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Letter from the LGBT Law Forum

| Wednesday, March 27, 2019

The purpose of this letter is to allow the LGBT Law Forum, a student group at the Notre Dame Law School, to address a recent criticism in a letter to The Observer regarding hosting Jim Obergefell on campus. This event will take place today, at 12:30pm in the McCartan Courtroom at the Notre Dame Law School. Jim Obergefell will be speaking to students, faculty, staff and community members about his experiences as a plaintiff in one of the most legally and socially relevant cases in recent history. Lunch will be offered, and everyone is welcome.

The LGBT Law Forum seeks to provide a forum in the law school community for the scholarly discussion of legal issues related to lesbian, gay, bisexual and transgender (LGBT) individuals. LGBT issues are prevalent across all areas of the law, including: civil rights and discrimination cases, employment cases, military and veterans’ issues, immigration policies, foster care and juvenile justice, public accommodations and housing, as well as criminal defense. The Law Forum’s activities serve all law students by helping address such legal issues in an informed manner.  

Jim Obergefell’s case radically shifted the federal landscape by broadening the definition of marriage to include same-sex couples. Because of the magnitude of this case and its impact on the lives of students on Notre Dame’s campus, we have been awaiting this talk for months. Notre Dame Law School aspires to be a place where diverse viewpoints sprout, flourish, and collide. Censorship does not belong here.

Notre Dame recognizes that robust debate is fundamental to a well-rounded legal education. According to the Law School’s website, “we are here to cultivate the life of the mind with openness and respect for every point of view.” The LGBT Law Forum embraces this charge whenever it gets the chance. For example, when Ryan Anderson, a prominent opponent of same-sex marriage, spoke on campus last semester, several members of the LGBT Law Forum’s executive board chose to attend. We respected the views of the student group that hosted the event, in accordance with the Law School’s mission.

Now, the LGBT Law Forum has the opportunity to showcase a leader within our community to share his point of view.  In our attempt to bring forth thoughtful discussion, our presence on campus has been questioned. Instead of embracing into the rigor of debate and free thought, we have been told the following: “Nobody forced you either to apply or to enroll. ” In effect: we do not want to hear your opinion, do not apply to this school. For many years, this statement accurately represented the University’s position. However, attitudes towards LGBTQ rights have changed, especially among Catholics.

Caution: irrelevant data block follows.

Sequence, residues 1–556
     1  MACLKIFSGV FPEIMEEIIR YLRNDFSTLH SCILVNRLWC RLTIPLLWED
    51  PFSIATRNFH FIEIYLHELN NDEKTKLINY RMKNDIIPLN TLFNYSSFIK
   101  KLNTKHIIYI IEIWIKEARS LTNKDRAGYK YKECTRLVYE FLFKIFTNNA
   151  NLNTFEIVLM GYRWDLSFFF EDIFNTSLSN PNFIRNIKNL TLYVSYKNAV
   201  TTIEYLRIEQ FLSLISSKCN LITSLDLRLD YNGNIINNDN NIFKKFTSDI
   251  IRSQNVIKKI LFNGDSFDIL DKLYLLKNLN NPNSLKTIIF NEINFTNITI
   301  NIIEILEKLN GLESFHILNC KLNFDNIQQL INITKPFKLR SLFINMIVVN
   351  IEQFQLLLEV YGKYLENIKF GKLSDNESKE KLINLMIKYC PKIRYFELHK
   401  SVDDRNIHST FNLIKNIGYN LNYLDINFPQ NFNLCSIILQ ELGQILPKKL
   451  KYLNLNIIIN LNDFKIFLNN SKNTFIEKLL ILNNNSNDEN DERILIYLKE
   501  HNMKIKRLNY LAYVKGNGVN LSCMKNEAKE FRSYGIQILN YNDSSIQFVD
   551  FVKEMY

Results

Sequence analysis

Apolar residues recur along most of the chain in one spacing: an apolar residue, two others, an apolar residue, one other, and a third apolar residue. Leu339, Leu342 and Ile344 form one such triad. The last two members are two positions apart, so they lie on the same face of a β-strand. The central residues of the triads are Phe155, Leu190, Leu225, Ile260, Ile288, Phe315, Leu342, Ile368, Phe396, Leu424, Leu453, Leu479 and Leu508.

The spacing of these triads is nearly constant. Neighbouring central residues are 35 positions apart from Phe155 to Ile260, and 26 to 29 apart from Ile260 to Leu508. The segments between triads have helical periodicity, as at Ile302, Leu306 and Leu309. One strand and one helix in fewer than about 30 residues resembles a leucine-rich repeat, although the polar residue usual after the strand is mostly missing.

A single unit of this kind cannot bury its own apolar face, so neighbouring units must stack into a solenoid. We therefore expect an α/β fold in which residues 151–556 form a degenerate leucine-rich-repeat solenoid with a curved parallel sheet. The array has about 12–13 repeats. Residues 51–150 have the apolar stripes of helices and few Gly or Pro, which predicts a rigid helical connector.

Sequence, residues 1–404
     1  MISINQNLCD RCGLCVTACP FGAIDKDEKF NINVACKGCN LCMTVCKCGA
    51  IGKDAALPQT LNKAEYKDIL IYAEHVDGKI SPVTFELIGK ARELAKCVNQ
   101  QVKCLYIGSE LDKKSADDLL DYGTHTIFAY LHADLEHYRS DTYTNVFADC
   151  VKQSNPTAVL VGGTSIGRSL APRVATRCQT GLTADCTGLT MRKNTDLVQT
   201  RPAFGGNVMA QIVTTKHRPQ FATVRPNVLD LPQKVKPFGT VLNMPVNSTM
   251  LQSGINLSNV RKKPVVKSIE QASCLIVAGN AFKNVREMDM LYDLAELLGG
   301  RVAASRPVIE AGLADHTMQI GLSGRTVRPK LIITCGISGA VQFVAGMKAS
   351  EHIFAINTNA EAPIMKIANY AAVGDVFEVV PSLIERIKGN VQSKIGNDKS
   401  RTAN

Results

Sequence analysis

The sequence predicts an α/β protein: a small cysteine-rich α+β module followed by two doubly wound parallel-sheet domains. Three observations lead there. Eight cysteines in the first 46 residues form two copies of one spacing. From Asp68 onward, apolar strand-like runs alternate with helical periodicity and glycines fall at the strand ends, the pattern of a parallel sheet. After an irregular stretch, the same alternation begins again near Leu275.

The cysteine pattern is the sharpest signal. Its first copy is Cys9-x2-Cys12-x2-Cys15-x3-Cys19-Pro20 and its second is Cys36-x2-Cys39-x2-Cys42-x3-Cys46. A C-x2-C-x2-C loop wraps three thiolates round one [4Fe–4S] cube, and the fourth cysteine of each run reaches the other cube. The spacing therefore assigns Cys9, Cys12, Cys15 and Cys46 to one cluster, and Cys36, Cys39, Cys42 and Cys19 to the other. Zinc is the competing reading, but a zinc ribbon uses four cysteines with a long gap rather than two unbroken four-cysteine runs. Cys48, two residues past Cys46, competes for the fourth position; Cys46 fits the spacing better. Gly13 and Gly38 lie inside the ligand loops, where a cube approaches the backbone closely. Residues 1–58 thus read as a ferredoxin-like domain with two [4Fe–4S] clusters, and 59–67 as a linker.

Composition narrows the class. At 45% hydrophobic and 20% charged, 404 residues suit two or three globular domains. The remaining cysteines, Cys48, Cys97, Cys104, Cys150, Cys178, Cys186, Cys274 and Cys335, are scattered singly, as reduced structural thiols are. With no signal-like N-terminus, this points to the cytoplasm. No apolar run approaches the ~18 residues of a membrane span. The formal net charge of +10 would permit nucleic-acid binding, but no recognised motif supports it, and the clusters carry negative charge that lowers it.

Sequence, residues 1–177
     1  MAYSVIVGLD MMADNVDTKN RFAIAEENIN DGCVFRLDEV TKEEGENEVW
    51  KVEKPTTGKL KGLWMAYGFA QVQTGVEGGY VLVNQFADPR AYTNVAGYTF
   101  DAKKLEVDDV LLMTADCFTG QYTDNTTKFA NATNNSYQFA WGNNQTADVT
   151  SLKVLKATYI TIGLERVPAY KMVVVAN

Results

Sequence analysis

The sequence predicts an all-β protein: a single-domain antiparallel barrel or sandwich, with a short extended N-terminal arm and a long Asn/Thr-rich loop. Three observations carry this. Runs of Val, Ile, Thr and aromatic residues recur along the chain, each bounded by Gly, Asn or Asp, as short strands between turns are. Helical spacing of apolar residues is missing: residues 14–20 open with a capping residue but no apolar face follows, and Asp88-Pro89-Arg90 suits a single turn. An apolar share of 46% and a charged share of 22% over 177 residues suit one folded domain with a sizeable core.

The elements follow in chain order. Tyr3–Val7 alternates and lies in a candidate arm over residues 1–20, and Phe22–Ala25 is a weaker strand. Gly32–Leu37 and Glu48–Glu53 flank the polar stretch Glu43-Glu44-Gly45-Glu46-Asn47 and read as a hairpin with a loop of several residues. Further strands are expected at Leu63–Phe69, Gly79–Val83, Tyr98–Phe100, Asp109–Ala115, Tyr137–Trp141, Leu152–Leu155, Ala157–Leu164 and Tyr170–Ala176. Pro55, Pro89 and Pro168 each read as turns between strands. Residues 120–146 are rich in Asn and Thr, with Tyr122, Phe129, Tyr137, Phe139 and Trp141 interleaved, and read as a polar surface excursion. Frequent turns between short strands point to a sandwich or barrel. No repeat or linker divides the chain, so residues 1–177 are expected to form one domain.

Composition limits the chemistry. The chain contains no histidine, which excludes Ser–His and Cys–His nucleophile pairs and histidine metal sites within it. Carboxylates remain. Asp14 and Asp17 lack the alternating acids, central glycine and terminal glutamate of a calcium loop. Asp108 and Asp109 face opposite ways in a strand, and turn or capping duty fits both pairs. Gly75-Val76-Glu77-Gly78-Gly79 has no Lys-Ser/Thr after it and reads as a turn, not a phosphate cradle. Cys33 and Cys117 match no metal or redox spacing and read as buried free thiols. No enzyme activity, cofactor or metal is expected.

In 2017, 67% of American Catholics expressed support for same-sex marriage. The overwhelming majority of Catholic colleges and universities prohibit discrimination on the basis of sexual orientation. Increasingly, the Catholic Church has been called upon to reconsider its teachings on LGBTQ individuals. Pope Francis has encouraged dialogue and understanding with the LGBTQ community, and just this month took a picture with a group of LGBT Catholics and their families on Ash Wednesday. It is important to note that one of the plaintiffs speaking today is a Notre Dame alumni. Greg Bourke, as well as his husband Michael DeLeon, are both lifelong Catholics and supporters of Notre Dame.

The criticism that our club faced in The Observer letter to the editor is nothing new. As a Forum, we have confronted blatant discrimination, even from professors, and have faced an uphill battle when it came to getting our student organization recognized. If anything, the negative comments the Forum has received only highlight a problem that students have been fighting against for years. Many of you might know this, but Notre Dame does not protect students, staff or faculty on the basis of sexual orientation. The LGBT Law Forum wrote a letter to administration asking them to rectify this critical lapse in our non-discrimination policy. If you would like to join us in fighting for those protections, please sign here.

We would like the writer of the previous letter to the editor to know the LGBT Law Forum is not only going to host Jim Obergefell today, but we will continue hosting thought-provoking events and working to ensure diversity and inclusion on campus. Come by the law school at lunch; Jim, Greg and Michael will be available to answer your questions. No need to RSVPeveryone is welcome.


The LGBT Law Forum

March 26

The views expressed in this Letter to the Editor are those of the author and not necessarily those of The Observer.

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Letters to the Editor can be submitted by all members of the Notre Dame community. To submit a letter to the Viewpoint Editor, email [email protected]

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